Biodynamic Agriculture: Farming Around the Cosmos at Leda Organic Farm

Credit: Kristi Dobson
A handful of volunteers spent an hour Thursday morning turning cow manure using Biodynamic techniques on the ground of the Nuu-chah-nulth Tribal Council.
Kristi Dobson

On Thursday morning, Gary and Louis Swann, along with Aaron Woodward, held a barrel compost demonstration behind the Nuu-Chah-Nulth Tribal Council office. The purpose was two-fold: to explain the benefits of biodynamic farming and to help bring positive energy into the surrounding area.

Biodynamic agriculture is based on the principles developed in the 1920s by Austrian social activist, Dr. Rudolf Steiner. Through various organic preparations using manure, herbs and minerals, as well as working in alignment with the cosmos, proponents believe the outcome brings higher yields and improved quality of the food produced.

Leda Organic Farm, run by Gary and Jacqueline Swann, prides itself on its organic products, but since incorporating biodynamic methods in 2003, the two believe they are working towards improved self-sustainability in the Alberni Valley.

“We started using the planting calendar in 2003 and Jackie and I said it looks like it obviously works so we started using more preparations,” Swann said. “The compost we make contains everything you need to continue life. We are doing this because the importance as farmers and gardens knowing this will allow our farm to be self-sustainable.”

He said that is something the community will need to know for the future.

“Feeding humans is a part of nature and the process of doing things in rhythm with the cosmic atmosphere lets us eat food from a natural place. It is important for the community to have that knowledge.”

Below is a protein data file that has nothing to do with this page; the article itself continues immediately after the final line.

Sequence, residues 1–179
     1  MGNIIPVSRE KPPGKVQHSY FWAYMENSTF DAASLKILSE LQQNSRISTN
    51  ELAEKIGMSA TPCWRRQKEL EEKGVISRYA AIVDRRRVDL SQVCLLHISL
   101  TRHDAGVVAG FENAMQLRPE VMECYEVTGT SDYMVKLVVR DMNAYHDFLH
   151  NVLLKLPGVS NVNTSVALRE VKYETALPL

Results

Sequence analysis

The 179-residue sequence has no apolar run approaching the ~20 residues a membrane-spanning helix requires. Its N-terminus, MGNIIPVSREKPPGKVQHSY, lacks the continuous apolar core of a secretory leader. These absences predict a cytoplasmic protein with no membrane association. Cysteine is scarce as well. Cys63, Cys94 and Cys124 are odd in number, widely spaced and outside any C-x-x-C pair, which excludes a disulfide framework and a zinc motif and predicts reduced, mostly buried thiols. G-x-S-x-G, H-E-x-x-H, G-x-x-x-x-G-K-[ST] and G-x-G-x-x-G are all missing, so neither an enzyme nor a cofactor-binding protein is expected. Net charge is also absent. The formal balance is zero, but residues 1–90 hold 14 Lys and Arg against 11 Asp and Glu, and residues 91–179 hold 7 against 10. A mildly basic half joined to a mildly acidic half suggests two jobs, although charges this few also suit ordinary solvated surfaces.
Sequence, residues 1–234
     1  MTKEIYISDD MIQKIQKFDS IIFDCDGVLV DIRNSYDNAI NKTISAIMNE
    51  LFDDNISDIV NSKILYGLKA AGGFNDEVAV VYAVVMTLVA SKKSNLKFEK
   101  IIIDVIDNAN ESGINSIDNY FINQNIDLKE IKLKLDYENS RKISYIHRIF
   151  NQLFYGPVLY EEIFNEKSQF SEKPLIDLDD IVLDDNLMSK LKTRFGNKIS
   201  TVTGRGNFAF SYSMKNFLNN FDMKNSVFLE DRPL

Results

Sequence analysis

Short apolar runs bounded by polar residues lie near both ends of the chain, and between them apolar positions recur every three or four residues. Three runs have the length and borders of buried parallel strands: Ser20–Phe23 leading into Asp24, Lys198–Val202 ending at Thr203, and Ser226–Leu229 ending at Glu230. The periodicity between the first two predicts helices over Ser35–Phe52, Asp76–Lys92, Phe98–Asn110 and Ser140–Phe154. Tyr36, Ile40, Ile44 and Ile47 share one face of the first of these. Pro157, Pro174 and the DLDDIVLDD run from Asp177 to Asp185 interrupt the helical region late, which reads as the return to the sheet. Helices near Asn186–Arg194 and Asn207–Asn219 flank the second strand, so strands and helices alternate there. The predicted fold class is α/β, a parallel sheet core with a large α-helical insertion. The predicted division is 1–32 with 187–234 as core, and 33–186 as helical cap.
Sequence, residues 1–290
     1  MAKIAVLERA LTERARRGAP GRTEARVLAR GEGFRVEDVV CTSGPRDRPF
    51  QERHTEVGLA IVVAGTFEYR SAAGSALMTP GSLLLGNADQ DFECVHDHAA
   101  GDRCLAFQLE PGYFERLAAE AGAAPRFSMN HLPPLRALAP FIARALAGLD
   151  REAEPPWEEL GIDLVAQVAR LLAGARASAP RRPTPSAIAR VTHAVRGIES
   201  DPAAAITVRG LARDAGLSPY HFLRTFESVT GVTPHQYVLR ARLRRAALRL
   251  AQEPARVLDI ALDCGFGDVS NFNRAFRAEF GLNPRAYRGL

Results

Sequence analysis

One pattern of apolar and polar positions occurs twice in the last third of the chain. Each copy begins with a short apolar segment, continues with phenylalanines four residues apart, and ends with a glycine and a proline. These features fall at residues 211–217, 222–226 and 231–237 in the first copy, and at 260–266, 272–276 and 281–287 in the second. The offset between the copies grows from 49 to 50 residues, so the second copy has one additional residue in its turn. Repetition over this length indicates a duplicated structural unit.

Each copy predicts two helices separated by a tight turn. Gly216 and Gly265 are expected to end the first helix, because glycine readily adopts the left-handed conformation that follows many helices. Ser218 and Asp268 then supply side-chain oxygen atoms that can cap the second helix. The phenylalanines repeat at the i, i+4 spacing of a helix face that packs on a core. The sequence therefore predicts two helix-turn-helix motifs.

The barrel composting demonstration was one of a variety of methods used in this type of farming and it was not an easy task. After minerals and herbs were added to cow manure, it was mixed for one hour in a rhythmic circle. After that, it was placed in a plywood pyramid with a copper cap, based on scale similar to the Great Pyramids of Egypt. When mature, it will turn into a healthy soil.

A number of volunteers helped with the labour intensive process on Thursday. The finished product will be used on-site.

When Aaron came to work at Leda Farm about five years ago, he had little knowledge of biodynamic techniques, but by digging his hands in the earth everyday, he has learned by doing and is extending his knowledge to the community. He recently built a community garden for the Tseshaht First Nation just behind the Nuu-Chah-Nulth Tribal Council office.

 “The intent is to have human interaction working in nature in everything we do,” Aaron said. “We should be a part of nature instead of trying to control it. A lot of negative things have happened here and we want to help continue with the healing. Today the calendar is in Capricorn and it is the best day to make things.”

The produce of Leda Organic Farm can be picked up every Saturday at the Spirit Square Farmers Market at Harbour Quay or on-site Tuesdays from 9am to noon at 4361 Batty Road.